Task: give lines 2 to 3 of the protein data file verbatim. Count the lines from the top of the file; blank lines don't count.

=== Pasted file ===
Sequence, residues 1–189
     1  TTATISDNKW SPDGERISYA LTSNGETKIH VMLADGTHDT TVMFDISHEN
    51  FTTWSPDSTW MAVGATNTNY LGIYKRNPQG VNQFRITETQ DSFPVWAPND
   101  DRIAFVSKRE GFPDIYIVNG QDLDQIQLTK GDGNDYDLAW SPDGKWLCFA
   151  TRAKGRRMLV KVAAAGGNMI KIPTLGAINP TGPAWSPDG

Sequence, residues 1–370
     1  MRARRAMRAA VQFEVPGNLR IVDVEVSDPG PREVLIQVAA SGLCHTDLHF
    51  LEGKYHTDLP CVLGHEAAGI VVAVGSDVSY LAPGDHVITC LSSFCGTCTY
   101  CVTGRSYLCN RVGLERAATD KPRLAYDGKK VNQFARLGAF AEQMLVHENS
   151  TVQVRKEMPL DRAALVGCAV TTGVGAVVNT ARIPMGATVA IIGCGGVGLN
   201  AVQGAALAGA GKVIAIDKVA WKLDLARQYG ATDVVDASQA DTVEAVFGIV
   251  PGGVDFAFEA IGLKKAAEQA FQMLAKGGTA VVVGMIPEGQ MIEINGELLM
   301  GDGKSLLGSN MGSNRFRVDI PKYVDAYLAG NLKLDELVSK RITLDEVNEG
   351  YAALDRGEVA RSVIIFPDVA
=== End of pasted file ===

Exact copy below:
     1  TTATISDNKW SPDGERISYA LTSNGETKIH VMLADGTHDT TVMFDISHEN
    51  FTTWSPDSTW MAVGATNTNY LGIYKRNPQG VNQFRITETQ DSFPVWAPND